While PLM research and analytic companies are running cloud PLM surveys to understand what causes slow cloud PLM adoption, manufacturing industry segment is ahead of others in adoption cloud technologies. Navigate to the following link – Cloud Computing Trends 2017 and check-out few interesting diagram published there. The one that captured by special attention –
Here is an interesting passage:
….there are clear trends in both the variety of cloud services used by organizations and users as well as the volume of data uploaded each month. Technology companies use a wider variety of cloud services than any other industry, with the average company using 2,033 distinct cloud services. That’s followed by manufacturing (1,837 services), and business services (1,771 services). Government agencies use the fewest cloud services, on average, at just 944 per agency.
Another interesting diagram presents usage of cloud service by category.
Collaboration continues to be the category with the greatest variety of cloud services in use by a wide margin. The average organization uses 210 distinct collaboration services, followed by 76 file sharing services and 67 development services.
So, manufacturing and collaboration are almost leading cloud system adoption and, at the same time, cloud PLM adoption is very low. This is an interesting paradox. Cloud adoption 2017 research gives you top 20 enterprise cloud service providers. list. PLM vendors aren’t there. Actually ERP systems are represented by Workday only.
In Q3, 71.3% of the cloud services in use by the average company were enterprise cloud services and these services accounted for 71.6% of data employees uploaded to the cloud at work. Microsoft delivers 5 of the top 20 services. From a security standpoint, the top 20 enterprise cloud services are significantly more likely to have enterprise-grade security controls than the average enterprise service (80% vs. 9.3%).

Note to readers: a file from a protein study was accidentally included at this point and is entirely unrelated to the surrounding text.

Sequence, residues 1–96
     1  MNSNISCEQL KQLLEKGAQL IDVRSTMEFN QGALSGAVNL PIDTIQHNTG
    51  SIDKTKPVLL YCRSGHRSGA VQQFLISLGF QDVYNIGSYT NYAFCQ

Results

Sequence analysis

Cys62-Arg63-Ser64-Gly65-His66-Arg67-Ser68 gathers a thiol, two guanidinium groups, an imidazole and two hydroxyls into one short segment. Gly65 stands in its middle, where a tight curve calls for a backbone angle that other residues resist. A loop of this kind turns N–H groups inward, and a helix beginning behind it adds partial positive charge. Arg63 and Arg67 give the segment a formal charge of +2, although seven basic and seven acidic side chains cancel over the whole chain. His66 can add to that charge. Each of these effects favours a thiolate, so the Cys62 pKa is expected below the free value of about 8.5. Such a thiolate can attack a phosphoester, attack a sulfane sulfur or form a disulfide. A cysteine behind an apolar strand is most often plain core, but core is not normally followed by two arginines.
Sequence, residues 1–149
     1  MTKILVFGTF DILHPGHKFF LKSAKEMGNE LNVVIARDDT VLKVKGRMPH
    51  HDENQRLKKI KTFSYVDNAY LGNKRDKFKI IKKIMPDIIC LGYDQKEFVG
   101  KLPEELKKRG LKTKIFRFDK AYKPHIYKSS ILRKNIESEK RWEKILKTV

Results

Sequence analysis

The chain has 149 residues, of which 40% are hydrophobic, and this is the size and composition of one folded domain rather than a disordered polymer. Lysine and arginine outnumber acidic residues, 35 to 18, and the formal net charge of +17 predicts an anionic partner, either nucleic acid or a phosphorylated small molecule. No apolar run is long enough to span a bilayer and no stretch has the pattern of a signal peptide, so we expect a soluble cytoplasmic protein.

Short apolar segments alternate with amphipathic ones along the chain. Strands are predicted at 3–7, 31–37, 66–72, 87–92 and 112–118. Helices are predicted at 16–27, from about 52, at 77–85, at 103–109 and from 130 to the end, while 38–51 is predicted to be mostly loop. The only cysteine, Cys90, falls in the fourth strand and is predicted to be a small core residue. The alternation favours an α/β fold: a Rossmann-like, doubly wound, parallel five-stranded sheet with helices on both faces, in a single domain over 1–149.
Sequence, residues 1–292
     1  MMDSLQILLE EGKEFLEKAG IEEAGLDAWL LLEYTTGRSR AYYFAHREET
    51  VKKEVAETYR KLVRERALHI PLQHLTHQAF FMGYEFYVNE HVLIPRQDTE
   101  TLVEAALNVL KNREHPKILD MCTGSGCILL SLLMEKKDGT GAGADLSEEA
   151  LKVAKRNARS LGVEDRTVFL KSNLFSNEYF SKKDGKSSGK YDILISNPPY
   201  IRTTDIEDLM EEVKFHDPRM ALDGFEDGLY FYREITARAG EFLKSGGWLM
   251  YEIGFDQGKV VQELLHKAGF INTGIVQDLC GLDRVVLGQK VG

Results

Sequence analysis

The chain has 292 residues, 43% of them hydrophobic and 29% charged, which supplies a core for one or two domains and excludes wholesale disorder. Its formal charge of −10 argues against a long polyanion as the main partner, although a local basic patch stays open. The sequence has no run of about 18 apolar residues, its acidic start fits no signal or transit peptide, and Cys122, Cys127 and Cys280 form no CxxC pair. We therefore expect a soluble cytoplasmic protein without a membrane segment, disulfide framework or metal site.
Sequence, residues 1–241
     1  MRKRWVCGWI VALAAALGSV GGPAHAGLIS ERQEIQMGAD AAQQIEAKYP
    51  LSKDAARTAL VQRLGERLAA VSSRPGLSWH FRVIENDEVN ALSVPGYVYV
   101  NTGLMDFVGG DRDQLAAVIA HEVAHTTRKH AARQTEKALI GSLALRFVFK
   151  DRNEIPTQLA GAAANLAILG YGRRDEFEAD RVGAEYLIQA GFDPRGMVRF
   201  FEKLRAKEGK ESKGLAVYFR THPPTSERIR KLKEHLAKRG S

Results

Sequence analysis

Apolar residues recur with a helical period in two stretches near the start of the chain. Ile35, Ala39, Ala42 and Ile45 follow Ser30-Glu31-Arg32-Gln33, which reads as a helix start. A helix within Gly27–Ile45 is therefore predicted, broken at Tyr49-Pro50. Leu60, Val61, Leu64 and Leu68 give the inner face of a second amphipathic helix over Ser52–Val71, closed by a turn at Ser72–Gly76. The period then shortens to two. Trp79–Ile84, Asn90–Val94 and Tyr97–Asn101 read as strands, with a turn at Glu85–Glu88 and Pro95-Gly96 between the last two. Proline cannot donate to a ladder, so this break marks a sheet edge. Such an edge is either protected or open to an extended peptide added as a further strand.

What is my conclusion? Manufacturing is leading in enterprise cloud service adoption, while transnational business systems such as ERP, PLM, Supply chain management, Manufacturing execution and other similar systems are far from taking a leading seats. My hunch those vendors are far behind in the technologies adoption and their ability to deliver enough differentiation factors. In other words, I already have PLM systems and there is no practical reason (even more ROI) in moving PLM to the cloud. The main reason could be simple – PLM has still on premise paradigm that doesn’t leverage much environment. Delivery existing PLM application using IaaS infrastructure is possible but ROI isn’t clear. It is a time for PLM strategists to think about what elements of existing PLM paradigm should be revisited to change the trajectory of cloud PLM adoption. Just my thoughts…
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Disclaimer: I’m co-founder and CEO of openBoM developing cloud based bill of materials and inventory management tool for manufacturing companies, hardware startups and supply chain. My opinion can be unintentionally biased